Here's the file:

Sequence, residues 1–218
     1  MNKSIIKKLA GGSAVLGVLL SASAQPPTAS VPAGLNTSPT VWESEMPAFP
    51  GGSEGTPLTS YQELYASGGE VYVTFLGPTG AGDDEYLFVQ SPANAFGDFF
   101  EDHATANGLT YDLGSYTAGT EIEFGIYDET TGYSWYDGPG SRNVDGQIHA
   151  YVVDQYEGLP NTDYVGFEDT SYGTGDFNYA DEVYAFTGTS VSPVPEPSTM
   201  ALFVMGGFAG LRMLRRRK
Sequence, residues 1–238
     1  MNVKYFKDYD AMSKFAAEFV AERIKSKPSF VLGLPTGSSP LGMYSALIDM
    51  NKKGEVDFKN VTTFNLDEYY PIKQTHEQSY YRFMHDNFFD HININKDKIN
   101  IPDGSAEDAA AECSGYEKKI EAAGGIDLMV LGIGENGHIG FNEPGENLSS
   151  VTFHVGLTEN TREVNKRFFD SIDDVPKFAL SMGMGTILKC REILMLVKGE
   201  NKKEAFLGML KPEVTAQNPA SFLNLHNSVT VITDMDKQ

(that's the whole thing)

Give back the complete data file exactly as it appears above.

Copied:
Sequence, residues 1–218
     1  MNKSIIKKLA GGSAVLGVLL SASAQPPTAS VPAGLNTSPT VWESEMPAFP
    51  GGSEGTPLTS YQELYASGGE VYVTFLGPTG AGDDEYLFVQ SPANAFGDFF
   101  EDHATANGLT YDLGSYTAGT EIEFGIYDET TGYSWYDGPG SRNVDGQIHA
   151  YVVDQYEGLP NTDYVGFEDT SYGTGDFNYA DEVYAFTGTS VSPVPEPSTM
   201  ALFVMGGFAG LRMLRRRK
Sequence, residues 1–238
     1  MNVKYFKDYD AMSKFAAEFV AERIKSKPSF VLGLPTGSSP LGMYSALIDM
    51  NKKGEVDFKN VTTFNLDEYY PIKQTHEQSY YRFMHDNFFD HININKDKIN
   101  IPDGSAEDAA AECSGYEKKI EAAGGIDLMV LGIGENGHIG FNEPGENLSS
   151  VTFHVGLTEN TREVNKRFFD SIDDVPKFAL SMGMGTILKC REILMLVKGE
   201  NKKEAFLGML KPEVTAQNPA SFLNLHNSVT VITDMDKQ